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Earl Busby Hunt


1933 - 2016 Obituary Condolences
Earl Busby Hunt Obituary
Earl Busby Hunt

1933 ~ 2016

On April 12, 2016, Dr. Earl Busby (Buz) Hunt, 83, died peacefully in his sleep in the arms of Mary Lou Hunt, his wife of 61 years. A brilliant scientist, devoted husband, father, grandfather and valued friend and colleague, Buz leaves a legacy that will live on through his children, grandchildren and the many people whose lives he touched for the better. He is succeeded by his wife Mary Lou, sons Bob and Steven, daughter Susan, and eight grandchildren. He is joined in afterlife with his son Alan, who passed away in 2012.

Buz was born in 1933 in San Francisco, California to Robert and Beryl Hunt. He was raised mainly in Santa Barbara, when not following his father from base to base during World War II. During this time he developed a love of the outdoors, hunger for learning and an impressive game of tennis. A math prodigy, he attended Stanford where he was a member of ROTC and graduated with "great distinction" as a Phi Beta Kappa with a Bachelor of Arts in Sociology & Psychology. While at Stanford he met Mary Lou Smith, whom he married shortly after graduation.

Upon graduation, Buz joined the Marines where he served for 3 years before being honorably discharged as a Captain. After his service, he completed a PhD at Yale in 1960 studying "complex mental processes" and "learning, mathematical models and computer applications." This marked the beginning of a brilliant and impactful scientific career that would span 6 decades, where he became known internationally for his research studying the mechanics of human intelligence, cognition, and learning, and the development of mathematical and computer models of human behavior. Buz believed the job of a scientist is to describe the world as it is even if it is not always how we might want it to be, for that is the only way to truly understand and improve the world around us. Buz's balanced perspectives coupled with his vast knowledge and considerable critical thinking ability made him a widely respected and sought after contributor to programs focused on using psychological science to improve society.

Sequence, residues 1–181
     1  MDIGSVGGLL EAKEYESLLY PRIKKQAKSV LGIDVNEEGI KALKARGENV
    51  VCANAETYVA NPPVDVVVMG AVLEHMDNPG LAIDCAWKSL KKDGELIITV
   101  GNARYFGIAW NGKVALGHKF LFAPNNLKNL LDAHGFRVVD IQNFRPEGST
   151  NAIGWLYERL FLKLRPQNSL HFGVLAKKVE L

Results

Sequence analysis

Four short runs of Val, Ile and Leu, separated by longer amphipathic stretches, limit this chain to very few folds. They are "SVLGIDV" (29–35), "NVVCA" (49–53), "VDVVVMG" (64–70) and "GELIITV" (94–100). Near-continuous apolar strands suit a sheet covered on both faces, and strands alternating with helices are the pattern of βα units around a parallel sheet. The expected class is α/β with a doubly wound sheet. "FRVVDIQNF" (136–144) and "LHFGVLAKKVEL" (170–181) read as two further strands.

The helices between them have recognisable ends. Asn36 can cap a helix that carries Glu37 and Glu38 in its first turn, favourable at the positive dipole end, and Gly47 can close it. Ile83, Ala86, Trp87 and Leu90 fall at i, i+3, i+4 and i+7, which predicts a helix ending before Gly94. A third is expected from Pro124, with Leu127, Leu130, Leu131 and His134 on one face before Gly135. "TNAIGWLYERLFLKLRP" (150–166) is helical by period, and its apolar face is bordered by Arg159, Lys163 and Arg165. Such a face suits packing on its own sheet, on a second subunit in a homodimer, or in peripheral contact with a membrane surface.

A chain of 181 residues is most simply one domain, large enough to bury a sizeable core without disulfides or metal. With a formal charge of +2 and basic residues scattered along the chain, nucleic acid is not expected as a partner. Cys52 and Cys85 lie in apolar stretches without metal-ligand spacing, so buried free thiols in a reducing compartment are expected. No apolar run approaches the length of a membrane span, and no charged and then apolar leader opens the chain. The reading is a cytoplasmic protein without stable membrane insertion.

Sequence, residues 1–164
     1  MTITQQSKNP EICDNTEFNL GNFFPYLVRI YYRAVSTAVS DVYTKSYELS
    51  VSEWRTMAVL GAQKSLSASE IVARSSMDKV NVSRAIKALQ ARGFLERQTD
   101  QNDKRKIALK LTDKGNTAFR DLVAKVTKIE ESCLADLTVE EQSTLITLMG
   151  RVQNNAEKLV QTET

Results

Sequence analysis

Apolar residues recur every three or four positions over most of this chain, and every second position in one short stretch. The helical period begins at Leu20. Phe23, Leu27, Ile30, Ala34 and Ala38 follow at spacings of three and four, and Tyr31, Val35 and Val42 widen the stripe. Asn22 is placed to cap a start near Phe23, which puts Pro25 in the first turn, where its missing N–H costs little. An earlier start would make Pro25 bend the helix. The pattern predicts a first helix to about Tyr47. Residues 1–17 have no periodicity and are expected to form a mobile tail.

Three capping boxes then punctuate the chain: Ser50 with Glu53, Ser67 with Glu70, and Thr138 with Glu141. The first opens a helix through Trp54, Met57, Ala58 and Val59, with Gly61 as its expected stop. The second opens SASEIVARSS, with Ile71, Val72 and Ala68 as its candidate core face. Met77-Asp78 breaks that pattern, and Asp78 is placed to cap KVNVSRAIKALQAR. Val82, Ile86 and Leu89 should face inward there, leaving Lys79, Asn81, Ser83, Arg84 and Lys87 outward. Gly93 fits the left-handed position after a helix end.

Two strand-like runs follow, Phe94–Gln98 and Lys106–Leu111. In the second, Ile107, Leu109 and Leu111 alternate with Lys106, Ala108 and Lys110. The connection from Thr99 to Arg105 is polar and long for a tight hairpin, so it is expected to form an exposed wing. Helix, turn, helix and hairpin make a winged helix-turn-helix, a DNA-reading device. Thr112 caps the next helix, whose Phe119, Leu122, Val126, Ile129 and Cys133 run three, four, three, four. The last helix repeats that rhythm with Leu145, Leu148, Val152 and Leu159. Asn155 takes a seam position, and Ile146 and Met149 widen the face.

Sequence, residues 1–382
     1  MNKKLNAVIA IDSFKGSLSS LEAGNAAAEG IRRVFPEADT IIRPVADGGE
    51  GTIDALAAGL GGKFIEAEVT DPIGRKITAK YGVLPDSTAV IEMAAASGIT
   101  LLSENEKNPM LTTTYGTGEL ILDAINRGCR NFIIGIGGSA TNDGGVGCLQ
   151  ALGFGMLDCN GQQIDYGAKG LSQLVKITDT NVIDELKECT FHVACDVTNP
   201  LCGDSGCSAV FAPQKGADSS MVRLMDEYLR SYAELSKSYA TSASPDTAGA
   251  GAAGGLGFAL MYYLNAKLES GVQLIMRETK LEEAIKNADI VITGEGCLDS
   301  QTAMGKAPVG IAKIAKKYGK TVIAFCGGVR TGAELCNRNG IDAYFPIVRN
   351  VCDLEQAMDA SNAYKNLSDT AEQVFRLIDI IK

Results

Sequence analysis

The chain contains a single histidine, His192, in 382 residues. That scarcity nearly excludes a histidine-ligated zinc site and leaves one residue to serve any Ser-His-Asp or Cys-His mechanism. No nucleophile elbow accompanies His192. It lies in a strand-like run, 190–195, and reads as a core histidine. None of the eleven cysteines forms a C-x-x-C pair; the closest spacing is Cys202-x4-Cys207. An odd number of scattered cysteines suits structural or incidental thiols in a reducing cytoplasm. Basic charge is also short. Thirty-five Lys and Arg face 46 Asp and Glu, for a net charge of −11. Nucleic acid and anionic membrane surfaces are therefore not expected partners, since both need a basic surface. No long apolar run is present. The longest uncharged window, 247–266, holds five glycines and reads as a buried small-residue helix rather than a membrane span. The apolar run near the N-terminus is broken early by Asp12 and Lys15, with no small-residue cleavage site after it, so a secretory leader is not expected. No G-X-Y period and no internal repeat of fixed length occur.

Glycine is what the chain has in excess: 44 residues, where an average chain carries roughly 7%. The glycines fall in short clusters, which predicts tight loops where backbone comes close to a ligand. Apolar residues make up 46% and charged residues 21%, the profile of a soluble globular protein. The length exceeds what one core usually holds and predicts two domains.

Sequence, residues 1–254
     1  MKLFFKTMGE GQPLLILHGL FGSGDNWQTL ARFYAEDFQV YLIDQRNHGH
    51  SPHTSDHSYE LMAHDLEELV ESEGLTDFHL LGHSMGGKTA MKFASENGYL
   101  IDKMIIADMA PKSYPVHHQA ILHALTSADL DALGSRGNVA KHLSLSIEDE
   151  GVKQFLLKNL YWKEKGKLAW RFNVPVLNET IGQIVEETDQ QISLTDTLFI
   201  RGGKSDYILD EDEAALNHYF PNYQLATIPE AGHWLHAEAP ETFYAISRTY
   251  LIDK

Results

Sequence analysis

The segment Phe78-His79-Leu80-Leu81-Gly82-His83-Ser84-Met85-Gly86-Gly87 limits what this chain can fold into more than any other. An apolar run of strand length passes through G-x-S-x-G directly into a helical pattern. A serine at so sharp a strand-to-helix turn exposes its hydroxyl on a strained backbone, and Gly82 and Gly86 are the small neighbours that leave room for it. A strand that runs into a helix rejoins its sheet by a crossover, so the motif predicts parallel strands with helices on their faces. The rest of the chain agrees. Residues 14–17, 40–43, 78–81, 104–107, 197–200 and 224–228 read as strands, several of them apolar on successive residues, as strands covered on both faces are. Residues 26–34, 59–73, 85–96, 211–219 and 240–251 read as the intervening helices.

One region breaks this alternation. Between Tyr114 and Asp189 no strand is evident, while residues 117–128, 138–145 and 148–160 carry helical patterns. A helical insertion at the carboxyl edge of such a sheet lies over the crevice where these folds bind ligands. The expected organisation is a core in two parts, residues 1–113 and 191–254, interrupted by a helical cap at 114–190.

During his career he served as a professor at Yale, University California, Los Angeles (UCLA), University of Sydney and the University of Washington (UW). He also held visiting professorships at Cambridge, Oxford, University of Texas and University of California, Santa Barbara. He spent the bulk of his career at UW where he co-founded the Computer Science department and spent 8 years as chair of the Psychology department. Buz was known for his ability to describe complex ideas on intelligence and cognition in ways that could be easily grasped by the nonscientific world and he was often sought by the press to discuss his research on intelligence and learning. He published ten books and authored hundreds of articles in leading psychological journals, and presented at leading academic conferences around the world. His book "Will we be smart enough: a cognitive analysis of the coming workforce" received the American Psychological Association's William James book award and his book the "Mathematical modeling of human behavior" was recognized as a Scientific American book club entry. Buz was Fellow of the American Psychological Association, Fellow of the American Association for the Advancement of Science, President of the International Society of Intelligence Research (2011), served as Editor of the Journal of Experimental Psychology, Journal of Mathematical Psychology, and Cognitive Psychology, and was a member of the Council of Editors of the American Psychological Association. He received several awards of distinction including a "Lifetime achievement award for contributions to the scientific study of intelligence" from the International Society of Intelligence Research and the Association for Psychological Science's "James McKean Cattell Award" for lifetime contributions to Psychological Science. One of Buz's proudest achievements was advising and mentoring numerous doctoral students, many of whom have subsequently gone to renowned careers of their own in psychology and computer science.